Everyday Science #1: The shower-curtain effect

Everyday Science #1: The shower-curtain effect

Sometimes, weird events happen in everyday life. One of them might happen every single day while you take a shower. It never occurred to you that the shower curtain seems to approach you when the water is on, like it is coming for you? Well, it does and there is a scientific explanation for that. Today’s post will answer to that question: why does the shower curtain stick to you skin?

Shower curtain

Curtain moving itself

Surprisingly, this question was left unanswered for a long time, with a lot of theories but nether proofs. We had to wait until 2001 for David Schmidt to finally give a valid proof. And he won a IgNobel, a prize given for research that “first make people laugh, and then make them think”, for his discover. [1]

Simulations showed that the droplets of water decrease their speed because they are transferring their energy to the air inside the shower. It results in the making of a tiny hurricane, a vortex, with a center at a lower pressure than the surroundings. In addition, faster is the stream of water, lower gets the pressure. The temperature doesn’t affect much this effect.

Air moving from high pression areas (anticyclone) to low pression areas (depression), the air outside the shower move towards the inside of the shower. Doing so, the shower curtain is pushed, through air movement, to whatever is inside the shower (usually, you).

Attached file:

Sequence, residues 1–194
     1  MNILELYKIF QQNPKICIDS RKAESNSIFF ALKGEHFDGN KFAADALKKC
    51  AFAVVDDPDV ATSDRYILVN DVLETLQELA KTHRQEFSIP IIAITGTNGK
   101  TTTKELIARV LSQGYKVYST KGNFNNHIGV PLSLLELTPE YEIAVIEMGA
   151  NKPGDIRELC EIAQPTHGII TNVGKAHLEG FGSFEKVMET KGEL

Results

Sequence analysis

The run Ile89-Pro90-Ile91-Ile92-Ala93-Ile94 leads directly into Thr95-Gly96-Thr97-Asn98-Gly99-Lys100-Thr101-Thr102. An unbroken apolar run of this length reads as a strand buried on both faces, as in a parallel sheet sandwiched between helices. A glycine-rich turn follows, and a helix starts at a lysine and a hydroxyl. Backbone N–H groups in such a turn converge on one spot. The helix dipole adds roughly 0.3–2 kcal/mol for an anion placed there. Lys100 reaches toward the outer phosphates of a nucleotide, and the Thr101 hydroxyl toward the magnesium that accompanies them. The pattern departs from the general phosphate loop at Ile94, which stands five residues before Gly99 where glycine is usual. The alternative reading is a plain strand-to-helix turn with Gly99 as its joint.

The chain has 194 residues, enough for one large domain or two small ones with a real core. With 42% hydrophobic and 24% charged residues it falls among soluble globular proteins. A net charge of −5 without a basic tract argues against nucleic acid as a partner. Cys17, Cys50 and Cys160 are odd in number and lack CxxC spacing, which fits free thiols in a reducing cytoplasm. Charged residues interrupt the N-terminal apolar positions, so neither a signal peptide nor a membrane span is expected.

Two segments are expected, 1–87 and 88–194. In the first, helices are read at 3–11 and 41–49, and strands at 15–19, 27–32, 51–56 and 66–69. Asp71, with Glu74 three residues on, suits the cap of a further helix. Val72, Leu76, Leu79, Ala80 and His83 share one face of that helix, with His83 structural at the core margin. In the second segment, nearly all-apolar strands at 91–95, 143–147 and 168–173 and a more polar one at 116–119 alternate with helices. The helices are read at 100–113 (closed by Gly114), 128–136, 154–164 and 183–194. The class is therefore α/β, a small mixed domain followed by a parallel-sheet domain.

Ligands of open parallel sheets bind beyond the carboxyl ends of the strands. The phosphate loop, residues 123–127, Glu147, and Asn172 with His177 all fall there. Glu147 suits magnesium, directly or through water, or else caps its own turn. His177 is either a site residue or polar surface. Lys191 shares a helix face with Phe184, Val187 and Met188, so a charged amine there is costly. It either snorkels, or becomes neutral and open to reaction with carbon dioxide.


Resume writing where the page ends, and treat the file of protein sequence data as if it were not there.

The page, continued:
Basically, you recreate a particular meteorological phenomenon every time you take a shower.

Sticky curtain

So now, the shower curtain got in contact with your skin. But it won’t go away on its own. This is due to another physical phenomenon called surface tension.

A medium, a fluid, always tends to stability, a state that minimise energy. To do so, it modifies its interface by reducing its area. The surface tension maintains this state. The energy on the interface between two fluids (for example between water and air) is higher than the one inside both fluid.

For our case, the water on the skin gets in contact with the shower curtain. The tension between the two increases causing them to attract each other, the same way water filled in a recipient is attracted to its edge, causing a meniscus. It will stay attracted until a force high enough is applied to separate them.

Surface tension has other useful applications. First, there is capillarity, when a liquid climb inside a narrow tube. The tension makes the liquid go up on the edges (like a meniscus), stabilises and does it again depending of the molecules cohesion forces of the liquid. It is how a straw works. Second, there is coalescence, where to droplets merge into one. It is how rain is formed.

It is amazing how we can find scientific principles behind everyday events. It is by observing and studying them that we can understand how the world works.

References

[1] The Ig Nobel Prize Winners, 2001, https://www.improbable.com/ig/miscellaneous/ig-2001-winners.html

 

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